Of Carterhead Stills & Glasshouses: Bombay Sapphire's New Distillery At Laverstoke Mill

Of Carterhead Stills & Glasshouses: Bombay Sapphire's New Distillery At Laverstoke Mill
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I love gin. And normally, I could care less where it's made, as long as it tastes good in my martini or gin & tonic. But Bombay Sapphire's new distillery at Laverstoke Mill in Hampshire, England, which is up and running and opening to the public on Oct. 1, is... well, it's pretty freaking cool.

The first thing that got my attention was the little tidbit that there's been a mill on the site at Laverstoke since, well, probably since 903 A.D., but definitely since 1086, according to written records from the time of William the Conqueror. As an American, where basically no written history exists before about 1600, that's pretty mind-blowing. Laverstoke Mill was used for many things over the centuries, no doubt, but it's most famous for papermaking; the Bank of England used it to make bank notes from the early 18th century until the 1960s.


Those crazy looking contraptions are botanical glasshouses, if you're wondering.

Of course, Bombay isn't making spirits in a thousand year old building. When they bought the site in 2010, the mill hadn't been used for a few years and was in obvious need of... more than a touch-up, let's say. It took four years to renovate and rebuild the site -- using building materials recycled from demolished buildings, mind you -- but the final product is in the classic English mill style.

Well, except for the weird glass structures that look like they're being vomited out of one of the buildings. Those are actually the glass greenhouses which contain the ten botanicals used in Bombay Sapphire. That's right, they're growing the damn botanicals on-site (not in the amount they require for production, of course, but still). Not all the botanicals thrive in the same climate, which is why there are two glass structures -- one to replicate tropical climes, and one to ape a Mediterranean climate. In the middle of Hampshire, England. Ain't science grand?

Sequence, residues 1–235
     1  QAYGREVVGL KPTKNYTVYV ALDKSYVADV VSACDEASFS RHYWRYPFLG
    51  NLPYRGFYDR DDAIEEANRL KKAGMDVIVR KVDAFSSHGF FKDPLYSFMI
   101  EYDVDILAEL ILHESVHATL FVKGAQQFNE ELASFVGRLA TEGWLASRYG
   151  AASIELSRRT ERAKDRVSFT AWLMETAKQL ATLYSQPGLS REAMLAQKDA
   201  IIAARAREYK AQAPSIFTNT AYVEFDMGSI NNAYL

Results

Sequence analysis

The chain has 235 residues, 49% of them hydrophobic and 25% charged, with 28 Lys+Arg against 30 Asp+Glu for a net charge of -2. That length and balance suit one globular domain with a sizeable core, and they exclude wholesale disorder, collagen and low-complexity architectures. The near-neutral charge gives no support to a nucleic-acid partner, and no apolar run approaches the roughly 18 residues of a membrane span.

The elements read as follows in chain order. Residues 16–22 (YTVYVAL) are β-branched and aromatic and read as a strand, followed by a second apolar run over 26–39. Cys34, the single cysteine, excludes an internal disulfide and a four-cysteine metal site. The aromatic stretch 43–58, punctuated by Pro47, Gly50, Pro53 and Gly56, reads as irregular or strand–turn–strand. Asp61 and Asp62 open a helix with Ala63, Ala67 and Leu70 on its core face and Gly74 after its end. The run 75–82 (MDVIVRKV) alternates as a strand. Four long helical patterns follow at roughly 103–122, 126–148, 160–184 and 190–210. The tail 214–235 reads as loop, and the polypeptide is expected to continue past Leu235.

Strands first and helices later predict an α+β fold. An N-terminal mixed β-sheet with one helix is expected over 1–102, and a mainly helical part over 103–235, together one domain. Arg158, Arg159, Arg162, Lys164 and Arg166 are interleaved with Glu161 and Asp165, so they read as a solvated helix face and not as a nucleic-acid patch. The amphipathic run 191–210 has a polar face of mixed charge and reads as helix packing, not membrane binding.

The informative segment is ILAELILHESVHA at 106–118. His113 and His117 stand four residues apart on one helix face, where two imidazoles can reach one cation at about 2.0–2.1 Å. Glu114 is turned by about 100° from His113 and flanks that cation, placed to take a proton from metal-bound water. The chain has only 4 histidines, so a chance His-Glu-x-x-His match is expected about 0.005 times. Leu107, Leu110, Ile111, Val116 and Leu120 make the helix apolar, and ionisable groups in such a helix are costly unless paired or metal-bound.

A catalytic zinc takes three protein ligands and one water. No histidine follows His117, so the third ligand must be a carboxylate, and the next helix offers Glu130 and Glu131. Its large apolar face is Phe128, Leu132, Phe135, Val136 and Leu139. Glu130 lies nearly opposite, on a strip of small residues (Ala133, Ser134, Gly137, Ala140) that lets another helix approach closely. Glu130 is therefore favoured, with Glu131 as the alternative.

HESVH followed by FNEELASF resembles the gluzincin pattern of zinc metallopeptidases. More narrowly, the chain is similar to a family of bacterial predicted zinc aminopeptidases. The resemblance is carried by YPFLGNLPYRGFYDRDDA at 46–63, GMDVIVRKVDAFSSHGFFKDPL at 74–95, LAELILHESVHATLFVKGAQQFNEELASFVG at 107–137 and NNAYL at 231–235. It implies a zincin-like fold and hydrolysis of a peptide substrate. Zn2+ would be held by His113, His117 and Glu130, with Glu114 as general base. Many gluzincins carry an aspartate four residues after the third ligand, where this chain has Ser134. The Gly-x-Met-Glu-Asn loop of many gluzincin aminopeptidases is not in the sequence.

The distillery and new Visitors Centre are located on the River Test. No, not on the banks of the river. The river actually runs through (well, under -- we wouldn't want to get our feet wet, would we) the distillery. What happens if it rains a lot? I have no idea. But from what I've seen of the place in general, it looks pretty amazing.

As cool as the architecture is, as cool as those glasshouses are, as fun as it is to see a river flowing underneath the floor where you're standing, I think the most exciting thing about the new distillery is the chance to see a Carterhead still in action. I'm not sure that Bombay is the only brand to use a Carterhead still exclusively (Hendrick's uses one in conjunction with a different type of still), but it's one of the very, very, very few. An old-school 19th century pot still, the Carterhead uses the "vapour infusion" method to impart the flavor of the botanicals to the alcohol. That means, rather than cooking the botanicals during distillation or infusing them directly into the spirit, the vaporized alcohol passes through a copper basket at the top of the still which contains the botanicals. As it cools and condenses... bingo, gin! (That's a pretty simplified description, I know, so distillation nerds, please go easy on me.)

So you get to see the gin being made, you get to see the glasshouses, you get to see the river, you get to see a bit of Merrie Olde England, and at the end of your tour, you get to have a complimentary cocktail in the Mill Bar. Now that's what I call living. Oh, and you get to experience the joy of being in an environmentally conscious distillery as well. I don't want to get into all the details, in part because I don't really understand them myself, but rest assured that it won some award (the BREEAM) for design-stage sustainability on which they've followed through to construction and completion. The distillery itself is within a conservation area, and it's so well cleaned up that you could go fishing and catch your dinner right at the distillery, if such things were permitted.

Is it worth a visit to Hampshire just to visit the Laverstoke Mill Distillery? I can't say for sure, since I haven't been there yet myself (although anytime you'd like to fly me over, Bombay Sapphire... just saying). But if you love gin, great architecture, sustainability, or all three, and you've got some frequent flier miles, it sounds a lot better to me than Euro Disney.

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